California braces for arrival of Hurricane Hilary

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People have been preparing for stormy weather in Palm Springs, California

The US state of California is bracing itself for Hurricane Hilary, which is already bringing fierce winds and flooding to Mexico’s Pacific coast.

It is lashing the Mexican state of Baja California with winds of up to 85 mph (140km/h). Hilary is then expected to lose speed as it moves north.

It is predicted to reach southern California as a tropical storm, the first to reach that state in 84 years.

There are warnings of “catastrophic” floods in both countries.

One man died in Baja California Sur state while attempting to cross a stream, Mexican officials said.

The Mexican government has placed 18,000 soldiers on standby to assist in rescue efforts. Nearly 26 million people in the south-western US are under flood watch.

Hilary was downgraded to a Category 1 storm after weakening on Saturday, but officials kept up their warnings.

In its first-ever tropical storm alert for California, the National Hurricane Center (NHC) said “life-threatening flooding” was likely in Baja California and the US south-west.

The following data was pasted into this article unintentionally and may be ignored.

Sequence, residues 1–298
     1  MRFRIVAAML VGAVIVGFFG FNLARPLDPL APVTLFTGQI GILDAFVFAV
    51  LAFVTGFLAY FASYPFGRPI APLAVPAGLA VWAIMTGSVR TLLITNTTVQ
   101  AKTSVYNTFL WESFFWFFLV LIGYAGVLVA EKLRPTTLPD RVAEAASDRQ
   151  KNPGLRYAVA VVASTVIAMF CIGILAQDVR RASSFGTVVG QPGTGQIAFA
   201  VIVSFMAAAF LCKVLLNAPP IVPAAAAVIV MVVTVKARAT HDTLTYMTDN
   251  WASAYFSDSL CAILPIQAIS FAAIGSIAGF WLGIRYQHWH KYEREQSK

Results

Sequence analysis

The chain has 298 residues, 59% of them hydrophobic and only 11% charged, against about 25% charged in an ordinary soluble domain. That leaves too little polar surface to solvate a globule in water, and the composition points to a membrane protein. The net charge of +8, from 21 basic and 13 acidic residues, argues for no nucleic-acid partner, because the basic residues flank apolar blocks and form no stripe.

Nancy Ward, director of the California Governor’s Office of Emergency Services, said Hilary could be one of the worst storms to hit the state in more than a decade.

“Make no mistake,” she told a press conference on Saturday. “This is a very, very dangerous and significant storm.”

Up to 10 in (25cm) of rain is expected in parts of Mexico, California and Nevada, according to the NHC.

There is a risk of tornadoes from mid-morning through Sunday evening in parts of the Colorado River Valley, Mojave Desert and Imperial Valley.

As the storm approached, Major League Baseball rescheduled three games in southern California, while SpaceX postponed the launch of a rocket from its base on the central California coast until at least Monday.

The National Park Service also closed Joshua Tree National Park and Mojave National Preserve, both in California, to prevent visitors from being stranded in the event of flooding.

Hurricanes and tropical storms are somewhat common in Mexico. But the last time a tropical storm made landfall in southern California was in Long Beach in 1939.

Experts say the abnormal weather events plaguing the US – and several areas across the globe – are being influenced by human-caused climate change.

In the wake of the hottest month on record, July 2023, according to Nasa, the deadliest wildfire in modern US history spread across Hawaii on 8 August, killing at least 111 people.

The damage was escalated by hurricane winds passing through the area.

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